As we were watching the game in all of its intensity, I shouted to the television screen — quite inexplicably to all my fellow party-goers, I am sure — “Do it for the babies!” And lo, Eli Manning heard me, and he threw his incredible pass. And again I said, “For the babies! Throw the ball to someone who is open in the end zone!” And it was good.

So, babies, this one is for you!

How to win a neighborhood bake-off in 8 easy steps:

1. Ask awesome friends for recipes. Keep in mind that chocolate always wins.

2. Stay late at work with the farm bill. Dash home. Run out of time to make planned recipes. Turn to the easy, delicious Black Russian Cake.

3. Take cake mix, add vodka and chocolate. Put it in a cathedral-shaped bundt pan and wait for the magic to happen.

4. While cake is cooling, walk across the street to neighborhood party for a little egg nog.

5. Return home. Sprinkle beautifully-shaped cake with powdered sugar and douse with kahlua. Remember that plate-ing works wonders in fancy restaurants. Put cake on a nice platter and a cake stand. Bring the silver “happy holidays” pie server you bought at a junk shop.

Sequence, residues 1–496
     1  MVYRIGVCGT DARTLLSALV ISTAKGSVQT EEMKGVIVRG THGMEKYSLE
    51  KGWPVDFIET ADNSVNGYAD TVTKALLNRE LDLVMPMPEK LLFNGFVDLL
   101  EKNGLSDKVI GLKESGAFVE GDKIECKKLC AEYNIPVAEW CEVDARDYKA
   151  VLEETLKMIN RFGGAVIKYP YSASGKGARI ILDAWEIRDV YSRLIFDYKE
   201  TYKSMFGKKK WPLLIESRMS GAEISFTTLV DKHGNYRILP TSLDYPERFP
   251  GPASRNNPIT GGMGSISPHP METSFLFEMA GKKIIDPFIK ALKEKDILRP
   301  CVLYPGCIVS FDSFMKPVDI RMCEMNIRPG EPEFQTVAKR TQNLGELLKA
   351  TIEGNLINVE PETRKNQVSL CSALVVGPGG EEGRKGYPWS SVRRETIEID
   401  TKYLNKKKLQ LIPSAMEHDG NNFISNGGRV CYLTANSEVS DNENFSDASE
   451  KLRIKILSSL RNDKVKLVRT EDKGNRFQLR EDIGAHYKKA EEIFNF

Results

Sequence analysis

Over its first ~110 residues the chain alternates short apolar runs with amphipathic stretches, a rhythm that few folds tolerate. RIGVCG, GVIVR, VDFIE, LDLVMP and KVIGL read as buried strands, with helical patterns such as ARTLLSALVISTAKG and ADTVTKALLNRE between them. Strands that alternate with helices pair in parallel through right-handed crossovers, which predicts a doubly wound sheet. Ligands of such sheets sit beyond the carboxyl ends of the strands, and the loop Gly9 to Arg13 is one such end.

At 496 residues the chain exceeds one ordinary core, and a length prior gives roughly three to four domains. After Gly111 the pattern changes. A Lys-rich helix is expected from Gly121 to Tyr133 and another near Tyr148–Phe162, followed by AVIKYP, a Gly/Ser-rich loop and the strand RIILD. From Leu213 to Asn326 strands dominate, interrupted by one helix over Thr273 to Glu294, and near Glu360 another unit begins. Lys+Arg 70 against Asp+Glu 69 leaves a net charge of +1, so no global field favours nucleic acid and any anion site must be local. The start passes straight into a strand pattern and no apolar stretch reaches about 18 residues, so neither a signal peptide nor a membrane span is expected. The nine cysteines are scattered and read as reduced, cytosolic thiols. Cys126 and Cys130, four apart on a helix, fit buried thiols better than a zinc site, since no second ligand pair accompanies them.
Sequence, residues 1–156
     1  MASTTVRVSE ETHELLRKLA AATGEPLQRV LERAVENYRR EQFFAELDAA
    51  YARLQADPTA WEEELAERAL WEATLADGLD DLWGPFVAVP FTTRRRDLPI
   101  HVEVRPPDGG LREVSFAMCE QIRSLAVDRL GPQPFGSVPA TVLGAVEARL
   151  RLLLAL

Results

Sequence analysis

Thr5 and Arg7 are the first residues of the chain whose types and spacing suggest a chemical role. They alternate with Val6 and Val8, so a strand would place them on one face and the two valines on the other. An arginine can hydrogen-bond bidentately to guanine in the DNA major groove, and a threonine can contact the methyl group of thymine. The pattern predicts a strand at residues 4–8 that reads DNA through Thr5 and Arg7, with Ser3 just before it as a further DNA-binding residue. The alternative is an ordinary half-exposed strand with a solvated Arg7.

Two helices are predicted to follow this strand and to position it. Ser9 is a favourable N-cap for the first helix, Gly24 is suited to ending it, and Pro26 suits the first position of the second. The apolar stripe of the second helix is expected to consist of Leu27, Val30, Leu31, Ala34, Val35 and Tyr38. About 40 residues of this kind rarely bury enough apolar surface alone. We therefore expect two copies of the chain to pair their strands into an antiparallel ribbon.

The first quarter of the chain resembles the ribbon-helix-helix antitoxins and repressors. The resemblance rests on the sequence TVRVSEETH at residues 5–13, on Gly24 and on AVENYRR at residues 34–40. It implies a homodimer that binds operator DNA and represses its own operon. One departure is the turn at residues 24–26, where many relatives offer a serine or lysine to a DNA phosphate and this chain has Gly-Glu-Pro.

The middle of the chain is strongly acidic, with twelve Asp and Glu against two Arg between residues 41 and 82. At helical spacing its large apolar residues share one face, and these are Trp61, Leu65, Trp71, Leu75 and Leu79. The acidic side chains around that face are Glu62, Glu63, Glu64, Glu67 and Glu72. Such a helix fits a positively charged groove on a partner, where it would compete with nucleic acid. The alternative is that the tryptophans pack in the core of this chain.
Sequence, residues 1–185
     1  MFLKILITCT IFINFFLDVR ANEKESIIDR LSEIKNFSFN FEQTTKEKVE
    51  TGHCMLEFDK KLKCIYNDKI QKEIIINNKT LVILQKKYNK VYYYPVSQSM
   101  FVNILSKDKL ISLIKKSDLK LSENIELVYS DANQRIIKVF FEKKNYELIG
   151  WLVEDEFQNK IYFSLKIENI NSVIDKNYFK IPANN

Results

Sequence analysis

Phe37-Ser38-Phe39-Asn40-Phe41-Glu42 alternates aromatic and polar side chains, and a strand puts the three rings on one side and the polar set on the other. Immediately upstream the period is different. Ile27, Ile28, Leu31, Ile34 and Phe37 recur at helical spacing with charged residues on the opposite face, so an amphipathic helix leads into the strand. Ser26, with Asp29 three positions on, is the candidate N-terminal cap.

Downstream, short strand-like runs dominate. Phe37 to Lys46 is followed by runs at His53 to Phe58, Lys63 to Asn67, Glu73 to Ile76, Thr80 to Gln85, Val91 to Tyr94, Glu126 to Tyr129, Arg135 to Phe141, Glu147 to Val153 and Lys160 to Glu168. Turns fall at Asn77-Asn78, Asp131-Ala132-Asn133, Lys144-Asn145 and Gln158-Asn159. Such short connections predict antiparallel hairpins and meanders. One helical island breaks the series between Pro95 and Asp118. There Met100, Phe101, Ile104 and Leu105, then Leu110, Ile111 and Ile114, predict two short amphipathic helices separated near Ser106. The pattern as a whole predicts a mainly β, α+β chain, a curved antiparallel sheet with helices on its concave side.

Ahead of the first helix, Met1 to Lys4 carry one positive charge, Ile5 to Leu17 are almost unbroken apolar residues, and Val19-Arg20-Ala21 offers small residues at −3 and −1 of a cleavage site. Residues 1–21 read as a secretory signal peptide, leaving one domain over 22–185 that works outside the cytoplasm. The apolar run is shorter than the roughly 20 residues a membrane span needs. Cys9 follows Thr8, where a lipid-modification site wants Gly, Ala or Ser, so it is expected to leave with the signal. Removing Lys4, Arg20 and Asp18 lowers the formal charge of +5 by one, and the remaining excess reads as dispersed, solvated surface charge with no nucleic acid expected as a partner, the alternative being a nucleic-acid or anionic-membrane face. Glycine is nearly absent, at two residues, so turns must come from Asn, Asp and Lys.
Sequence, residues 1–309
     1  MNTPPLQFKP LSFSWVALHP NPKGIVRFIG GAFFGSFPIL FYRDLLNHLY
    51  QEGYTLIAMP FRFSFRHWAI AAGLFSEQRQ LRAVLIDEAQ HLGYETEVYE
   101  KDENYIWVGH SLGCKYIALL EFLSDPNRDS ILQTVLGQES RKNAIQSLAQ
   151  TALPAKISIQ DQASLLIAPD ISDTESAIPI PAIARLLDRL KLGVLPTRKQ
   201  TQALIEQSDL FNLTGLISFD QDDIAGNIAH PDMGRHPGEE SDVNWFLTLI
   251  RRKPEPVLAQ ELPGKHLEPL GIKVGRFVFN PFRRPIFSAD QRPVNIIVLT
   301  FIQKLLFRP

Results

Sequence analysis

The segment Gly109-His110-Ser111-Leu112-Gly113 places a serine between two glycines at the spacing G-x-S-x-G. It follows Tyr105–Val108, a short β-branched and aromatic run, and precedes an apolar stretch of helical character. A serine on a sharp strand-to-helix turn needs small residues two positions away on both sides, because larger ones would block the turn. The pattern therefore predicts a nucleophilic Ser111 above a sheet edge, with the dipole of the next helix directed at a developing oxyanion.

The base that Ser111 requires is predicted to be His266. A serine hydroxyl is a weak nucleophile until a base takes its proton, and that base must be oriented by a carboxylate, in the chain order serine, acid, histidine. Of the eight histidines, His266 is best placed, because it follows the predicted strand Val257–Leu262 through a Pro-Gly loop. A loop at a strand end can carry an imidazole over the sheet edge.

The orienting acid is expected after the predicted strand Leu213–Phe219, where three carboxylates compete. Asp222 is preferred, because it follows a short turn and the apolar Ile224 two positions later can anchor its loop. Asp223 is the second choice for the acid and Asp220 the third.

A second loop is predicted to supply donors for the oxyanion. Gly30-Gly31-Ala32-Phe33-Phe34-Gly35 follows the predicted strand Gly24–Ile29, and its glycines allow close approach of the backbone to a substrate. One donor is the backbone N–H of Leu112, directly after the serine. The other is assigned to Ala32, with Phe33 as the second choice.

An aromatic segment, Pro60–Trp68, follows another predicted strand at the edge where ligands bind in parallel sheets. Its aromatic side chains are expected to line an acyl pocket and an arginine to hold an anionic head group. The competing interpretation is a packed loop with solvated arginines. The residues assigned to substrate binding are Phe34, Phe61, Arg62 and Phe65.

6. Return to the party, as people “ooo” and “aaah” at your cake, which is towering above all the other desserts on its cake stand.

7. Eat yummy treats. Note that people really like a little booze on their cake.
8. Win the prize for “prettiest” dessert and tie for first-place for “overall best: queen of desserts.” Call it good. H-block rocks the house.

Behold, the rising star of Mexico politics: Hilario Gutierrez.

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Hilario was one of my husband’s grad school roommates. Besides being a great roommate, movie matinée date, tostada-maker, and the best train-dance leader in the Western Hemisphere… he is now a rising star in Mexico politics. Hilario won the first round in the primary-type things for mayor of Playa del Carmen. Go Hilario!

Here is some sort of article about Hilario a la presidencia municipal de Solidaridad. I have no idea what it means.

Here are some pictures that will make you wish you were the mayor of Playa del Carmen, or at least a visitor, on this gray, rainy day in DC.